Mr. Njie further charged that UDP did not only “condoned corruption but also the wastage of public resources” we would be grateful for Mr. Njie’s opinion on the vehicle policy initiated by the former Finance Minister, Amadou Sanneh, that was aimed at saving the country over three hundred million Dalasis, a policy that was supported by all UDP principals in cabinet but got derailed by the executive comprised of other players from the coalition. If UDP had so much sway over an executive president, as claimed, the vehicle policy would have been implemented. It was further the same Finance Minister, who recommended for the slashing of the State House budget inviting the ire of the president. 

So if UDP’s policy is to promote corruption and mismanagement, as the professor would have us believe, why would the same UDP officials embark on cost cutting measures aimed at saving the state hundreds of millions? How does he square that with the allegation of UDP condoning waste? Better yet, which of the UDP principals were found wanting for misconduct or misappropriation of public funds in their short stint in government? That would be very helpful in this allegation.

To buttress further, at a UDP rally in Busumbala in 2017, Mr. Darboe cautioned against corruption and called on UDP officials to be especially mindful and cautioned that there will be “other commissions”. The response this generally attracted was one of condemnation by commentators, accusing him of undermining the very government he serves and that he should resign if he felt that way about the government.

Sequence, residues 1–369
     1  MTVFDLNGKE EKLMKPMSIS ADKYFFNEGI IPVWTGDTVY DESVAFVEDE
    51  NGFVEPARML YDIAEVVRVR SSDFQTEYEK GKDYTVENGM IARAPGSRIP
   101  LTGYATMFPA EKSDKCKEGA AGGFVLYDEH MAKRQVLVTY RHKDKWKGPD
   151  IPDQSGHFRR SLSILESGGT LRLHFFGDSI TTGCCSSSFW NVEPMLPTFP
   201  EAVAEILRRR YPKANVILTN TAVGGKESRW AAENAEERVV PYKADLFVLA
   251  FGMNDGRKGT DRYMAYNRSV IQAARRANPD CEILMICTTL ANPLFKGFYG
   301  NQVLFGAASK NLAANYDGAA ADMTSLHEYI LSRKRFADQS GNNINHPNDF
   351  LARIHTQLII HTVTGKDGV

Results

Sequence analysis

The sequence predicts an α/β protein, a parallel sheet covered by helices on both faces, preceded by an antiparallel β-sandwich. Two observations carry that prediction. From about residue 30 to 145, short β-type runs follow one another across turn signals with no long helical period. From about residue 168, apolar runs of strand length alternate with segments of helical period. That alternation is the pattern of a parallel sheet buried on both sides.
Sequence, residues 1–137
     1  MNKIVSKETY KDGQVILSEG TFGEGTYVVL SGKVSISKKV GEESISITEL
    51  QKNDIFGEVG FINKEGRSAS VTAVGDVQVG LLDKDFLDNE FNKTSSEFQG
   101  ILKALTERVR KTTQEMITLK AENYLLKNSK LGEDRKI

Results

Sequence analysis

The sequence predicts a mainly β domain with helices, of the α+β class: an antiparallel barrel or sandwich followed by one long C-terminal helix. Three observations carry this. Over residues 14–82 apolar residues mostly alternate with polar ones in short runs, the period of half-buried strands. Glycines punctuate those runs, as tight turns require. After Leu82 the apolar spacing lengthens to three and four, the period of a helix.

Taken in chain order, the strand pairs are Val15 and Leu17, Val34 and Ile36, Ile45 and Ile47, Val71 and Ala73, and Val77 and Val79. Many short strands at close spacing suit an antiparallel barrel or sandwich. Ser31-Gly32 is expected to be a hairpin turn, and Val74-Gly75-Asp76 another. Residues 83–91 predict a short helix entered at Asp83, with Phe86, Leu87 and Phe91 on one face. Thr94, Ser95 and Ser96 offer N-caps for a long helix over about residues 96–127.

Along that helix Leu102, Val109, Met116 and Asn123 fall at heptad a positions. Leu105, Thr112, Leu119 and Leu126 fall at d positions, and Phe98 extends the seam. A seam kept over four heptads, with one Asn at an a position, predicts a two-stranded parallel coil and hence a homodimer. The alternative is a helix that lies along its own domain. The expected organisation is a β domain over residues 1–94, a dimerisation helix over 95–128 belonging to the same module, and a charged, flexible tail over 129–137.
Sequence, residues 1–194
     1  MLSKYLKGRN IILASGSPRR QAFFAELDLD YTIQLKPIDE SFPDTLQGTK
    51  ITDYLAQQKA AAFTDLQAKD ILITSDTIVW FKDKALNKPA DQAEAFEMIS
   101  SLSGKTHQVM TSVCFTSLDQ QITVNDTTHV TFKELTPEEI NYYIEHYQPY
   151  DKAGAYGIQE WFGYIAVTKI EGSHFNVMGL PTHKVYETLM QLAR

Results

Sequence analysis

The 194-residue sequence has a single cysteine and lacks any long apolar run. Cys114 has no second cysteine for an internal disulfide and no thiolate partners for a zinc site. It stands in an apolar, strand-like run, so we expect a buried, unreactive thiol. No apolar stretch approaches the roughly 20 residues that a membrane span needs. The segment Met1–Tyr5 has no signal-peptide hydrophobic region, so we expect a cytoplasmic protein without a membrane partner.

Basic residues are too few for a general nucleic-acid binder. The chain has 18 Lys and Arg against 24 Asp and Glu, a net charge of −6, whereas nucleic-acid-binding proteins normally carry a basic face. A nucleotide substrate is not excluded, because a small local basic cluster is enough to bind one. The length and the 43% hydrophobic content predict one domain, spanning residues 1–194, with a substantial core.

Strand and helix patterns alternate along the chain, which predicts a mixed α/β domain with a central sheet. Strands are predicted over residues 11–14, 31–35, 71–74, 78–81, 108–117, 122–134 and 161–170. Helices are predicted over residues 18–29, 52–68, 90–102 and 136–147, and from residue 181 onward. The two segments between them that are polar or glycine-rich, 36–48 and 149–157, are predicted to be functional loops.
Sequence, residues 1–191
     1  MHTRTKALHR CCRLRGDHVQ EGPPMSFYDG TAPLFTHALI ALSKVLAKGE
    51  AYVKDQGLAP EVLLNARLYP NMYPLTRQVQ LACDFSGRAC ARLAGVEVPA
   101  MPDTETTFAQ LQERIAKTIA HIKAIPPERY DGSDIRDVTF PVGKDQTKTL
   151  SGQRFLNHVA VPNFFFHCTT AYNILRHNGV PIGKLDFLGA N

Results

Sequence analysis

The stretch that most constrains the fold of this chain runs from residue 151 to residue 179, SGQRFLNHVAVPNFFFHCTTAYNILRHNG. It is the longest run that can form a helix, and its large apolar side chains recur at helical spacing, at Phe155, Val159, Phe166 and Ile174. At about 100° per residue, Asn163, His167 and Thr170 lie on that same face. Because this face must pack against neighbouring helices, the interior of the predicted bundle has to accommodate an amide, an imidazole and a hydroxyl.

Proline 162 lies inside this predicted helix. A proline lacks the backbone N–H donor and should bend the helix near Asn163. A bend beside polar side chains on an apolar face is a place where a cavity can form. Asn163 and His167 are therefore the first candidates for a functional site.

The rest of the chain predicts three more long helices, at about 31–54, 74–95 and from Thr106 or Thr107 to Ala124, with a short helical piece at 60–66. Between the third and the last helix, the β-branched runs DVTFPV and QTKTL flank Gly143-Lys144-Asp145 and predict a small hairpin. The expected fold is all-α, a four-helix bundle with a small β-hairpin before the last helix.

We would expect claims of a “UDP government” in reference to the coalition government to come from a lay person, but not a lecturer of politics. For if the yardstick for making such assessments is not policy based but composition based, how would we classify the current government then, an APRC government? In fact, out of over a dozen cabinet positions, UDP had only three members appointed to that coalition cabinet. If UDP had as much sway over Adama Barrow at the time, as the lecturer claimed, why then was the government able to purge of not only UDP principals, but those suspected of being UDP sympathizers? These are trivial issues beneath the pale of substantive discourse.

Similarly, on the charges of “compensations” to UDP loyalists in the diplomatic missions, of the numerous diplomatic missions dotted around the world, there were no more than 5 or 6 high ranking diplomats that were UDP affiliated, the likes of Hon. Kemeseng Jammeh (Turkey), Late Femi Peters (Sierra Leone) etc. The others recommended by Lawyer Darboe were career diplomats/civil servants such as Ambassador Blaine to the UK and former Permanent Secretary of Defense Sulayman Bun Jack (to the AU), of the junior support staff at the embassies, there was no more than 5 or 6, all approved by the president. So, this notion of a UDP government is misleading and baseless.